The rising cost of doing business is a growing concern for businesses lately. To address the higher costs of inputs for their products in order to sustain or maximise their profit margins, 66% of the CEOs say they share the cost burden with their customers. Another 25% have passed the total cost burden to their customers through price increases, while 9% have chosen to bear the full cost increases themselves.
Hedging against fluctuations of US dollar vis-à-vis ringgit
For those CEOs who export and/or import and have been affected by the US dollar exchange rate, they were asked how they hedge against these fluctuations. Most (39%) prefer to do nothing and leave their position open, while 29% have maintained their US dollar or foreign currency account, and 17% have engaged in partial hedging of less than 50%. Switching to an alternative currency and forward contracts were disclosed by 9% and 6% of the CEOs respectively.
Reintroduction of GST
As to whether the Goods and Services Tax (GST) should be reintroduced to replace the current Sales and Services Tax (SST), an absolute majority of 71% voted in favour of it, with 59% suggesting a rate of 3%, while 23% and 18% proposed 4% and 5% respectively.
If GST were reintroduced, two major suggestions were put forth by CEOs to help improve the operational efficiency of its procedures and implementation. Some 56% of the CEOs suggested that contras be allowed to offset their GST payments against their input tax credits, while 42% hoped that refunds could be expedited within 60 days.
Budget 2023 wish list
Budget 2023 is scheduled to be tabled on Oct 7. Notwithstanding the numerous wishes listed by CEOs, the three that topped the list this year were provision of grants for automation and digitalisation, financing support for small and medium enterprises (SMEs) through the provision of grants, tax incentives and loans, and reintroduction of GST.
Other popular wishes included allowing more foreign workers into Malaysia, reducing the corporate and personal taxes, providing export incentives for goods and services, offering tax incentives for foreign direct investments, and granting higher allocations for education, agriculture and health. There were also calls for a strengthening of the ringgit.
Impact of manpower shortage
The current manpower shortage afflicting most organisations nationwide is affecting 63% of the CEOs, of which 39% are moderately affected, while the impact on 24% is severe. Some 27% are affected slightly, but it is a non-issue for 11% of the CEOs.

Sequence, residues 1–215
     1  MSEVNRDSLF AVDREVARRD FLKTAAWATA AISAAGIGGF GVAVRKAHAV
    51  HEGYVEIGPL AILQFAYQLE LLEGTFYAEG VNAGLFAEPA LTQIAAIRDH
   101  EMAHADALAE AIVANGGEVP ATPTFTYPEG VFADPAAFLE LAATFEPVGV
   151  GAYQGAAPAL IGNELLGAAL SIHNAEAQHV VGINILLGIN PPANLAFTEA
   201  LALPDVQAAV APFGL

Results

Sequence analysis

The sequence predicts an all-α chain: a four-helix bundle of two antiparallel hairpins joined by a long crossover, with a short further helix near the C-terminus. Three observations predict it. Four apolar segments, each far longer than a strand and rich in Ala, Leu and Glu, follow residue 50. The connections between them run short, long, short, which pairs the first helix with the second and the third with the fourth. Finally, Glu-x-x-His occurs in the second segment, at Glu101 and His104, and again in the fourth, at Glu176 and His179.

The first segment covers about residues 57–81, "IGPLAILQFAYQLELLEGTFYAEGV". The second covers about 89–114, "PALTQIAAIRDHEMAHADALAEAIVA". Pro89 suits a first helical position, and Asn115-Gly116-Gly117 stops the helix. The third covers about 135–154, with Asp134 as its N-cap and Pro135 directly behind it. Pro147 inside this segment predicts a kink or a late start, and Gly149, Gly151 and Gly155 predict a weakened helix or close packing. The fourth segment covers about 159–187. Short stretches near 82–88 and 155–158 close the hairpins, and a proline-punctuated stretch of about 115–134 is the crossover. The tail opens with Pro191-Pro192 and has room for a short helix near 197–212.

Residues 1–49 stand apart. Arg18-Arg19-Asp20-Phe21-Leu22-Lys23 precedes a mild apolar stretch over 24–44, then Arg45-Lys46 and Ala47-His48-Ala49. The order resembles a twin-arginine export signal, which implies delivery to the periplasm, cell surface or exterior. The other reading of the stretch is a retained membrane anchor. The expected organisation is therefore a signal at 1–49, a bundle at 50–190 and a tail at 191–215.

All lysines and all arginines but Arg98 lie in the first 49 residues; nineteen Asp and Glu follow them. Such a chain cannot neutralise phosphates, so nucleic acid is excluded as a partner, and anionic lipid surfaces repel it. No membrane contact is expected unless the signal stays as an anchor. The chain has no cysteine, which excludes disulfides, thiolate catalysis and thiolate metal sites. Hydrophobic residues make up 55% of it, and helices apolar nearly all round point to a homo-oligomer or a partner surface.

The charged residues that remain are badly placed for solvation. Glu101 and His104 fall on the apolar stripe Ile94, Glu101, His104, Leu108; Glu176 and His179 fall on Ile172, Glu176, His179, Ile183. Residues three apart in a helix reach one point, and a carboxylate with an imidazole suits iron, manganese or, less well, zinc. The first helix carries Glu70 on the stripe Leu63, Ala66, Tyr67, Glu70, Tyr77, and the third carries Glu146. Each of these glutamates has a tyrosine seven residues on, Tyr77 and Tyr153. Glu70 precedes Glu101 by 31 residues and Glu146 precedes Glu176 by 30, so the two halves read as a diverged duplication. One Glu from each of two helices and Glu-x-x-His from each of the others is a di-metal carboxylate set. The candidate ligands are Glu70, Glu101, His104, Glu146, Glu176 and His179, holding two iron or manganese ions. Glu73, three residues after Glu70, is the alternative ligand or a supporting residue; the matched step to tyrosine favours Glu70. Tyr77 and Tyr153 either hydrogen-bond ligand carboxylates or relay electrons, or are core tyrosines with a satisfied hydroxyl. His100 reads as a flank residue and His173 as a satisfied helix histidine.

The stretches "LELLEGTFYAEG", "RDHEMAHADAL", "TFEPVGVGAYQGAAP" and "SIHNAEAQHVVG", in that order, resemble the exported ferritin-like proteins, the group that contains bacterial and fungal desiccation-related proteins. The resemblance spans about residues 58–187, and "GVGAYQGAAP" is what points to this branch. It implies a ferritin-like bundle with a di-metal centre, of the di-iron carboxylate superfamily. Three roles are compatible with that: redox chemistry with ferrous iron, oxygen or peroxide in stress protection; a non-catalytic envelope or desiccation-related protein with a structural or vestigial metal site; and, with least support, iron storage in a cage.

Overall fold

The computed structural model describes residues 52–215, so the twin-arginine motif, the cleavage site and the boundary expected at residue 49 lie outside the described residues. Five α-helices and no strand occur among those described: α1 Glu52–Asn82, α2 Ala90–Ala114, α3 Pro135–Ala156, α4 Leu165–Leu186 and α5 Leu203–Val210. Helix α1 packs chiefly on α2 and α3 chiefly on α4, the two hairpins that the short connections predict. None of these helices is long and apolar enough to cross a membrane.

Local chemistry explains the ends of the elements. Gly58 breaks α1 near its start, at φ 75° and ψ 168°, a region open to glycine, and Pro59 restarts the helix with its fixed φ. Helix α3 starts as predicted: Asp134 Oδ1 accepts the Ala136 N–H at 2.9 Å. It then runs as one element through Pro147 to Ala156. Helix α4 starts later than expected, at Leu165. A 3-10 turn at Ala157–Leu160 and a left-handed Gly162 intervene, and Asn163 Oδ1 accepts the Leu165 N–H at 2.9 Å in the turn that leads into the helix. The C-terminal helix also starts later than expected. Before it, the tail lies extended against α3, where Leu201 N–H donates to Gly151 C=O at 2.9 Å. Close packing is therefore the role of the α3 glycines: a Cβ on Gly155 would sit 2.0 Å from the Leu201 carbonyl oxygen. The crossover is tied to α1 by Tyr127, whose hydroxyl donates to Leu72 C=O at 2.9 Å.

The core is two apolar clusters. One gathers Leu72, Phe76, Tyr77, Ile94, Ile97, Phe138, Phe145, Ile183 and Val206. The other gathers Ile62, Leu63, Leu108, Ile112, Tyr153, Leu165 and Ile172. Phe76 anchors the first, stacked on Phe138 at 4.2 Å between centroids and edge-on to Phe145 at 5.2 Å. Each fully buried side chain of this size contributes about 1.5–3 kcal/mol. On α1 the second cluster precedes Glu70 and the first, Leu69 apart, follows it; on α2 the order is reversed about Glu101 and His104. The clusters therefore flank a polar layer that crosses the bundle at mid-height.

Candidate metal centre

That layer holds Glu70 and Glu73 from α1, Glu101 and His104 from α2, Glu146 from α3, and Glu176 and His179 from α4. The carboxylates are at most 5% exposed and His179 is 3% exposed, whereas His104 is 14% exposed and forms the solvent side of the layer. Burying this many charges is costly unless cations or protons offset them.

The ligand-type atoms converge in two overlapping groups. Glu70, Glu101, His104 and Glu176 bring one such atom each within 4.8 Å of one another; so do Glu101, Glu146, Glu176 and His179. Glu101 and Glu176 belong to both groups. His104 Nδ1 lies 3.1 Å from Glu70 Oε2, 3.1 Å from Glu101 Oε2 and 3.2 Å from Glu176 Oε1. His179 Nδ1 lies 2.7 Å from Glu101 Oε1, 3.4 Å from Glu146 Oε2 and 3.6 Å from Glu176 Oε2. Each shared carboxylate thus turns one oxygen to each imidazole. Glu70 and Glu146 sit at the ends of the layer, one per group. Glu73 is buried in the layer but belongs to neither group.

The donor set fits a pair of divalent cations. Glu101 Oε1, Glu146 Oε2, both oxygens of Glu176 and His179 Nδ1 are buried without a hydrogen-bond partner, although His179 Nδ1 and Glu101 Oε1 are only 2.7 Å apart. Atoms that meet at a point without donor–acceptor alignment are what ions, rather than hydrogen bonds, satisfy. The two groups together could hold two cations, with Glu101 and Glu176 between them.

Recruitment of talent
Recruitment is a significant issue faced by most companies that are growing. As remuneration is one of the key criteria in recruitment, CEOs were asked about their average monthly package (including allowance) for fresh graduates in their organisations.
For fresh graduates with technical background (engineers, accounts and so on), most CEOs would pay up to RM3,500, with most (42%) offering a monthly package of RM2,500 to RM3,000 and 23% providing an average package of RM3,000 to RM3,500. While 11% would provide more than RM4,000, packages of less than RM2,500 are offered by 12% of the CEOs.
For non-technical new job entrants (sales, administration, human resources and so on), average monthly packages of up to RM3,000 are offered by most CEOs, with most (35%) providing packages of RM2,000 to RM3,000. Some 27% offer RM2,500 to RM3,000, while 15% and 6% provide packages of less than RM2,000 and more than RM3,500 respectively.
In terms of an effective human resources (HR) function to recruit, retain and develop their talent to support their businesses, most (42%) CEOs opine that their HR is functioning adequately, although there is room for improvement. Another 16% believe that their HR is effective in their function, while 23% say otherwise. Some 19% would like to be able to glean more HR improvement ideas from workshops and seminars.
Current vaccination status
Given the new wave of the various variants of Covid-19, CEOs were asked to indicate their current status of vaccination. The majority (59%) of the CEOs have received their Booster 1 and only 5% have not gone for the booster so far. Some 27% have also received their Booster 2, but 9% have no intention of taking this booster anytime soon.